4. Sue, I have enjoyed reading you do much! I think you should rate yourself on that as I think you have mastered that skill as well. Each blog you wrote was awesome and better and better each time. I learned so much about Ruanda but mostly about how fortunate we are and how much I have here. Thank you for sharing the great adevenrure of this dream you had forever. Hope to see you soon! Thank you!

  5. Dear Sue,
    I would give you an A+. What you have done is exceptional and it is a clear example of the love of God through you. I am very happy to learn that you are in process to go back home. I am very proud of you!! Looking forward to chat on your return! Merry Christmas Susana Margarita!!

  6. What a fascinating look back on your amazing journey, Sue! Hope you will enjoy reflecting on these self assessments in due time and it would be interesting to see if you would give yourself the same grades in a few years. 🙂 Enjoy your remaining days on assignment and a great holiday season! It was a privilege to follow your story since the start. -Vivian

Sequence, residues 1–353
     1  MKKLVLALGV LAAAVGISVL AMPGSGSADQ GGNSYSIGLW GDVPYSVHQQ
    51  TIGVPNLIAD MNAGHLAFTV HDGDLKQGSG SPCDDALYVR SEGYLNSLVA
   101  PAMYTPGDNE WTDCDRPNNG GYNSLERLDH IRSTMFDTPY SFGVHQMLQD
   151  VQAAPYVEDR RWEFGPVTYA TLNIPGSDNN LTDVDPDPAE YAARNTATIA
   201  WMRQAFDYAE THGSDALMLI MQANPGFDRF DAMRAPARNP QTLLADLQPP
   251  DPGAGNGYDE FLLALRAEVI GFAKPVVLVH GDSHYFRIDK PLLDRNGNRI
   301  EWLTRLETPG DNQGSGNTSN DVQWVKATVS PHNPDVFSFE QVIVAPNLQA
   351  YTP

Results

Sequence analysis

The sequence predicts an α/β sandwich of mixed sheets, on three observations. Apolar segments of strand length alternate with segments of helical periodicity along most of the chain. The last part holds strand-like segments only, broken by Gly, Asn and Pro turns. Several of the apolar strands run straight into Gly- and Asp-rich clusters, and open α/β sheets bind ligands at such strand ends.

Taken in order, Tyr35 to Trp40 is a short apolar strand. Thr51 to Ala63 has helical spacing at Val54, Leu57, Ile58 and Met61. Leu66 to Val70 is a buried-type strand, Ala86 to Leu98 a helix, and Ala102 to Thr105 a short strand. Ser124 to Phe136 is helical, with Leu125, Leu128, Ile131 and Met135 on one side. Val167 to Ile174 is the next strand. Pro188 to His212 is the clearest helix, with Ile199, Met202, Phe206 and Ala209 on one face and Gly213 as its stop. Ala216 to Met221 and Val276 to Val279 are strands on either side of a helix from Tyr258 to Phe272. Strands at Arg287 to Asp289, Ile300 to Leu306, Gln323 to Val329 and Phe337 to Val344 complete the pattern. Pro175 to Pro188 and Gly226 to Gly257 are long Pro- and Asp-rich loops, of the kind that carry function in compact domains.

7. Susan – thank you for sharing! I never thought about it like this. There are many goals I had personally I know I haven’t completed and some I just couldn’t do – just because. But I do think overall we all need to be scored an A because of the grand effort. I loved following you on your journey – I have about 6-8 weeks left. I’m resetting some goals and hope like you to leave with a smile! Best to you and your Family and your transition back into the routine.

  8. Very thought provoking blog, Sue. I need to think about my grade – probably not too good in some environments…but a reminder of some goals all of us should think about. I have no doubt you have touched the hearts and lives of many, as they have touched yours. Everyone is a winner. Have a safe trip home….we sure have missed you. Thank your friends an colleagues for allowing you to share their experiences, their pictures and a glimpse into life in Rwanda with us. What amazing people!

  9. Gorgeous blog as always Sue. You are the epitome of what GSK expects as a Pulse volunteer. Can’t believe your time in Rwanda is coming to a close already. Happy Holidays and look forward to having you back in the new year.